KTLA’s new home blends region’s diverse architectural, natural looks
Los Angeles’ Nexstar-owned CW affiliate, KTLA, has debuted a sprawling new set designed to embody SoCal while also giving its news team more opportunities to interact, tell stories and have conversations.
KTLA management opted to go with Los Angeles-based set designer JHD Group – led by Jeff Hall – for the project.
Hall called the year-long collaboration a “truly” team effort. “The entire team at KTLA and Nexstar were tremendous partners throughout the design and build process,” he said.
Hall centered the design for KTLA on the primary anchor area, which is placed in front of what is designed to look like a wall of floor-to-ceiling windows with that quintessential million-dollar view so sought after in the region.
The wall is actually created using 86-inch Philips video panels with structural mullions and can be fed with a variety of images depicting sweeping views of the region at different times of the day.
While it’s easy to envision this wall of windows being inside of a celeb’s hilltop mansion, there’s no attempt here to make it feel like you’ve been transported into a home — it’s still decidedly a news set, which feels appropriate for a station that’s known for its distinct, local news-heavy schedule.
For example, allusions to a Hollywood home pretty much end thanks to a seamless Neoti LED video tower that bisects the wall of faux windows.
This 11-foot high tower of LED, which is placed forward of the digital window wall, is created using two distinct segments. A lower portion off the wall is relatively square and serves as the primary visual in anchor shots and can include branding along with topical graphics.
A separate segment above an internally lit horizontal band soars to the ceiling and is clearly designed as a header element — something that had been a prominent element on several of the previous iterations of the station’s set. Before, however, that header was static scenery, so switching to LED allows the station to change out the logo or imagery here almost instantly.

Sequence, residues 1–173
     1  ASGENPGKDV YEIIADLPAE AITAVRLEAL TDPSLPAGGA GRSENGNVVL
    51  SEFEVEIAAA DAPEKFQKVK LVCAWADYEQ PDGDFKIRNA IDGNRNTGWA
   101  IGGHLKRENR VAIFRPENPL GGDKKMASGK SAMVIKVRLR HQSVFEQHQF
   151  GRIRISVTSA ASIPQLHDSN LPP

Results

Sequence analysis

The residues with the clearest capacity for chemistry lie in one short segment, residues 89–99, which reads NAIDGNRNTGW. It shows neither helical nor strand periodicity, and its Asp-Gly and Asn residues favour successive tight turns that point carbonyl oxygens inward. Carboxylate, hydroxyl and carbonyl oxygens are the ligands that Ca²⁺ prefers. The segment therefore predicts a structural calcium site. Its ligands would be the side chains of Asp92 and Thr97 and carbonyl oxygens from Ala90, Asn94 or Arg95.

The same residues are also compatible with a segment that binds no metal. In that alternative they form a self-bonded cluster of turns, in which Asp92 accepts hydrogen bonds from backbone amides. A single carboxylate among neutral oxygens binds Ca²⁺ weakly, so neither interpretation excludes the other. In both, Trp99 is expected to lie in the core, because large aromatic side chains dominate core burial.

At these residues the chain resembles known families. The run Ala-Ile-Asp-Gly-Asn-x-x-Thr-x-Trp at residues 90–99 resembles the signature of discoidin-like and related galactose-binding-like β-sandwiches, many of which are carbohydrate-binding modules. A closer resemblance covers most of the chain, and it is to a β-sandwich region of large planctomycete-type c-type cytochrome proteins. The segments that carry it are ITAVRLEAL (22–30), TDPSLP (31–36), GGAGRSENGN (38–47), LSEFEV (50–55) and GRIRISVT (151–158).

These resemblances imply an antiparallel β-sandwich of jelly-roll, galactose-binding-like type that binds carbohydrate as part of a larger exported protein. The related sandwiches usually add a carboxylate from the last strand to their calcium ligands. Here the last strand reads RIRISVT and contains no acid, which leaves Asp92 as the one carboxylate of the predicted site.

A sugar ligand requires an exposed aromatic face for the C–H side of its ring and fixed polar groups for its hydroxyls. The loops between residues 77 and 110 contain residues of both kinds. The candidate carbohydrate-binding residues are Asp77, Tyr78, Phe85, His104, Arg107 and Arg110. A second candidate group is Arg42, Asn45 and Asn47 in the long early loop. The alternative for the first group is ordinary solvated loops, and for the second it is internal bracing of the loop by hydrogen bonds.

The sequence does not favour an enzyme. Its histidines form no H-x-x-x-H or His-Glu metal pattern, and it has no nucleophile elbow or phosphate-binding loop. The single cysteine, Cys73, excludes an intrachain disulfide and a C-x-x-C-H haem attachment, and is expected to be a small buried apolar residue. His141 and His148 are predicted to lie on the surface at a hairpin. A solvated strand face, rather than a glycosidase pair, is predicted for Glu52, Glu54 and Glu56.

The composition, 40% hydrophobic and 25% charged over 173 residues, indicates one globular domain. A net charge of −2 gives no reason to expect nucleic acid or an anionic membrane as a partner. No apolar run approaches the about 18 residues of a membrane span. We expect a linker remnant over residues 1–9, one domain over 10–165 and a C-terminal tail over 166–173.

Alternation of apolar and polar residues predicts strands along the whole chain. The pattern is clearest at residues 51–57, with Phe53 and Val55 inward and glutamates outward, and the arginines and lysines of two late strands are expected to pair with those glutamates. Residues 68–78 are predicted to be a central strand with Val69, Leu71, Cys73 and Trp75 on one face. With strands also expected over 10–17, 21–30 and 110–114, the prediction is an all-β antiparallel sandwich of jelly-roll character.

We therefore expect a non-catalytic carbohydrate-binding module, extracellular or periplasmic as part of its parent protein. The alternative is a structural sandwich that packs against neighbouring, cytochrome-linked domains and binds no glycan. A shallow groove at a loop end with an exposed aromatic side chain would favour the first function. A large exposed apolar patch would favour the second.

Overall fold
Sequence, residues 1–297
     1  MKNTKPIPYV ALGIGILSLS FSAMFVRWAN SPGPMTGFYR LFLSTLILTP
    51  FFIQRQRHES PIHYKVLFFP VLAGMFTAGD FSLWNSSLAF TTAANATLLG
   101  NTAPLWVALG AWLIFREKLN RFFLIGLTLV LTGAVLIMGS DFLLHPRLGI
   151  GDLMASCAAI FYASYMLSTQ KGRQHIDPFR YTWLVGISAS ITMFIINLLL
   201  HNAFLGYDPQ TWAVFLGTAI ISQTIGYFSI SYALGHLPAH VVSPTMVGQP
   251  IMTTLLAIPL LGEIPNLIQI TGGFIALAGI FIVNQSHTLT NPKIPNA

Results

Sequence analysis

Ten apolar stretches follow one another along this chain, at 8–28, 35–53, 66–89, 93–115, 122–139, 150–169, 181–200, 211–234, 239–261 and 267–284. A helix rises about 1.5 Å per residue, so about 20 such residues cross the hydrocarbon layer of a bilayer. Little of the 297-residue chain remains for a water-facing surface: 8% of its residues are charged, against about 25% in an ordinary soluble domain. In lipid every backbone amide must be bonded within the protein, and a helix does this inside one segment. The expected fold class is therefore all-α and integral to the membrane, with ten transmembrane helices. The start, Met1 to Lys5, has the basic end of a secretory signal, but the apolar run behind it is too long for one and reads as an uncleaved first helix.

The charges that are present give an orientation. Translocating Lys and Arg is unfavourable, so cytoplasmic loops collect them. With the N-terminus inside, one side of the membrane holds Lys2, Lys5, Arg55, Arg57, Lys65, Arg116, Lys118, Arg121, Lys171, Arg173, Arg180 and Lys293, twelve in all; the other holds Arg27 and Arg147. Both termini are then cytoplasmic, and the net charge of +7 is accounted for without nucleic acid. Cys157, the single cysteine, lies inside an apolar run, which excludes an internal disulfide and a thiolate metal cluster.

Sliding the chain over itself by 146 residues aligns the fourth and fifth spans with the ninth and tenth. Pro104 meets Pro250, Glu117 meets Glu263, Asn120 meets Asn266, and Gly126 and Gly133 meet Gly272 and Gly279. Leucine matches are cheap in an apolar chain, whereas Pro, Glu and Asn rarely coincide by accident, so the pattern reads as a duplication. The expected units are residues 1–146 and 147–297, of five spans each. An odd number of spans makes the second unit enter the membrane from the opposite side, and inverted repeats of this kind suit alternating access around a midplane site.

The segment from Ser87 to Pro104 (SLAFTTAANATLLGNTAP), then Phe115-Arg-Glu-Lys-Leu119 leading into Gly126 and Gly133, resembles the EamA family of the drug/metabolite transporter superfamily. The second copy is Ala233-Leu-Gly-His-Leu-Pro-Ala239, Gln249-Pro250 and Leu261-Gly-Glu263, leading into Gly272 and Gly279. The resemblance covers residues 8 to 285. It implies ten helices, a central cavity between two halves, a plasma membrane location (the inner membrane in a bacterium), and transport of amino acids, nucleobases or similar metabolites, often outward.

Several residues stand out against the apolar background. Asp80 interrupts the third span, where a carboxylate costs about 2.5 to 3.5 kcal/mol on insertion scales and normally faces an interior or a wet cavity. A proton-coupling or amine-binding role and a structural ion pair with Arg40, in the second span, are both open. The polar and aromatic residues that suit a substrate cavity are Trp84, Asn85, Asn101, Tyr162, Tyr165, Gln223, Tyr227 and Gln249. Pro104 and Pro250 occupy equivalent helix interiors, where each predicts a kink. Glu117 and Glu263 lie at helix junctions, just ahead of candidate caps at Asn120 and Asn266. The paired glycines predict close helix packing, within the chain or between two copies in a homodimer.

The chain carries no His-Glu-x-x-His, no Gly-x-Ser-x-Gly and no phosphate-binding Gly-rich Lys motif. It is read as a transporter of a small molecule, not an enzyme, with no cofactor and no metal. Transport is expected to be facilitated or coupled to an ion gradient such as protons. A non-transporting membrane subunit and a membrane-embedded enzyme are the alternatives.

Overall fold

Overall, the element is bold in proportions and gives the station the ability to create a variety of looks behind its anchors.
The anchor area is smartly framed out with a series of nested internally-lit structural elements that flow up from the floor and over the anchor desk below, which draws the eye in thanks to its nods to the concepts of forced perspective and vanishing point.
These strong right angles are another theme integrated throughout the current set — and a motif the station’s previous sets have used heavily, including squares inspired by the station’s logo footprint.
Tucked in between these arched elements are lighting instruments that, while also serving a practical purpose, also become part of the set’s homages to the region.
Anchors now sit around a desk with an edge-lit element atop a surprising look — a sort of low-poly base that manages to feel clean and modern and organic at the same time while channeling the look of the region’s steep geological features.
Camera left features a small extension of the floor-to-ceiling window look along with a freestanding vertically-mounted video panel designed to be positioned closer to the cameras.
The opposite wall features a similar vertical panel placed a bit farther back in the corner, which leaves room for a seamless video wall that can be used as a far camera-right one shot background.
The desk is fronted with high res Neoti LED and sits on a subtle riser with a sharp edge. A smaller rectangular segment riser that lands roughly midway between the floor and anchor desk level is placed off-center to the camera right side.
JHD positioned a trio of swivel-mounted 86-inch Philips panels set inside strong angular structures in front of a light blonde wood-toned wall. This transitions into an opening in the scenery — two sliding frosted panels with Asian and craftsman-influenced latticework with a video wall behind it.